We had been enjoying wonderful Cantonese food since Day One of our visit to Hong Kong, but there is a wealth of other excellent Chinese cuisines available, too.  One of the best and most memorable is Da Ping Huo, a small underground Sichuan kitchen run by a dedicated husband and wife team (they cook, decorate the restaurant and sing!).  I thought I had tried Sichuan food before, but after dining at Da Ping Huo, I realized that I was a complete novice.  Can you say spicy?!  We sat down to a prix fixe 12 course meal, where six dishes were “mild” and six dishes grew progressively spicier.  Sichuan food can incorporate A LOT of Sichuan peppercorns (which are actually the fruit of deciduous trees, not in fact related to pepper) that create a unique fragrant aroma and novocain-like effect on one’s mouth.  The combination with chilies creates a sensation akin to having ones tongue spit-roasted and pickled at the same time.  Despite this, the food was incredibly addictive with wonderful combinations of flavors and textures: crunchy soy-nuts, sesame oil, cilantro, celery and green onions complementing chicken, tofu, prawns and beef.  We avoided the wine list and went for a basic Chinese lager, which served to temper the heat of the food, at least to some degree.  At the end of the meal, the chef sings Sichuan opera!  An exciting end to an exciting meal.

Da Ping Huo
49 Hollywood Road
SoHo, Central, Hong Kong
Tel: +852 2559-1317

One of the wonderful modes of transportation in Hong Kong. Locals call it riding the "ding ding" because of the bell the conductor rings when departing from each station.

One of the best fine-dining experiences we had in Hong Kong was with Audrey’s aunt and uncle, who are also big foodies (it must run in the family!).   They took us to Eighteen Brook, a bright, austerely decorated restaurant that serves a host of excellently prepared classic Cantonese dishes, as well as their own unique creations.  Audrey’s Uncle Laurie asked me if there was anything I didn’t eat. Wanting to impress, I said, nope! He apparently took this as a challenge – the ordering took place in Cantonese, so, unaware of how many courses to expect I unwisely tucked into the first few with abandon: eggplant with thousand-year-old duck egg, slightly gooey and intensely savory, fried tofu with hoisin, a delicate combination of sweet, creamy and crisp, and a conch stir fry flanked with flavorful, crunchy carrots and celery.  We were enjoying bowls of the extremely rare delicacy bird’s nest soup, when an entire lobster over braised noodles arrived at the table. The crustacean, large and in charge, had to be at least four pounds. Its bright shell glinted with thick ginger and scallion sauce.  Audrey gave me a “there is more to come” look  and I knew that my stomach was in trouble.  Sure enough, salt and pepper fried chicken, delicate bundles of grouper and shrimp paste, and mushroom “abalone” with sautéed lettuce followed the lobster.  The last savory dish was stir-fried glutinous rice, a classic, labor intensive dish that creates a deliciously rich mixture of rice flecked with sausage, mushrooms and dried shrimps and scallops.  I heroically sampled everything, even going back for seconds on the glutinous rice.  Dessert was thankfully light: sweet tofu in a ginger sauce and mango mochi with coconut.  I would highly recommend this restaurant, but make sure to arrive very hungry!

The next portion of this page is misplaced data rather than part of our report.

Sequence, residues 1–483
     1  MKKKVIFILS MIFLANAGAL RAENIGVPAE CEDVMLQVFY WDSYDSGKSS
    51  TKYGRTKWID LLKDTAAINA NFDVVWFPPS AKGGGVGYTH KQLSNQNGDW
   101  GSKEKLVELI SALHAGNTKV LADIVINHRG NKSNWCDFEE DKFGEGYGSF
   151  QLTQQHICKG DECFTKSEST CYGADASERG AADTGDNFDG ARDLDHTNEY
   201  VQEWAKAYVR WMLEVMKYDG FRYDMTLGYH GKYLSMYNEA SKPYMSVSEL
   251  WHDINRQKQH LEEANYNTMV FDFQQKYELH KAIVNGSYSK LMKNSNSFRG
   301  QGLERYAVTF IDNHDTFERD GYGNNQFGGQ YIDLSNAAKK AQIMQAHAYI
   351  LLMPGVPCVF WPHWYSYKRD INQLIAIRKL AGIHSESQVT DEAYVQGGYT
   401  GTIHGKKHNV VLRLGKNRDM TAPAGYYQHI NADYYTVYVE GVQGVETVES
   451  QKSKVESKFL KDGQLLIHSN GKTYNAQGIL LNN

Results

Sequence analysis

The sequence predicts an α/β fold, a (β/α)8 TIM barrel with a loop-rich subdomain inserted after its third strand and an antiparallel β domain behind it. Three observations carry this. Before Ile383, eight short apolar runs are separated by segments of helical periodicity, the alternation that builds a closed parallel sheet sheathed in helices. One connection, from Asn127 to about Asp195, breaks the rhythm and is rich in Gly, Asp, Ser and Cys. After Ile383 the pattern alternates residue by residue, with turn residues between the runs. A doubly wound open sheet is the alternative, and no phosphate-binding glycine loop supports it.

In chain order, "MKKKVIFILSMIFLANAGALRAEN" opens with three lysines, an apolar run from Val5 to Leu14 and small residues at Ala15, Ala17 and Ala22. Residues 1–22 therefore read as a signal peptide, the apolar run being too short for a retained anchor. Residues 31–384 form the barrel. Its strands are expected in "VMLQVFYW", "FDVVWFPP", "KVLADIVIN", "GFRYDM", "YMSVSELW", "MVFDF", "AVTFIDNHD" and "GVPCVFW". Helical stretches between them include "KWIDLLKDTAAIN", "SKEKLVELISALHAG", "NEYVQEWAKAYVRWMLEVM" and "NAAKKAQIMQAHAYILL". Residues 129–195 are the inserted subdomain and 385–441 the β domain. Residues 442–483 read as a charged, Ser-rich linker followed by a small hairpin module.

Eighteen Brook Cantonese Cuisine
8/F, Convention Plaza
1 Harbour Road
Wanchai, Hong Kong
Tel: +852 2827 8802

This entry was posted in Grand Voyage 2010 and tagged , , , , , , , , , . Bookmark the permalink.

2 Responses to Fragrant Harbor Tasty

  1. kaz says:

    welcome back, love the write up!!

Leave a Reply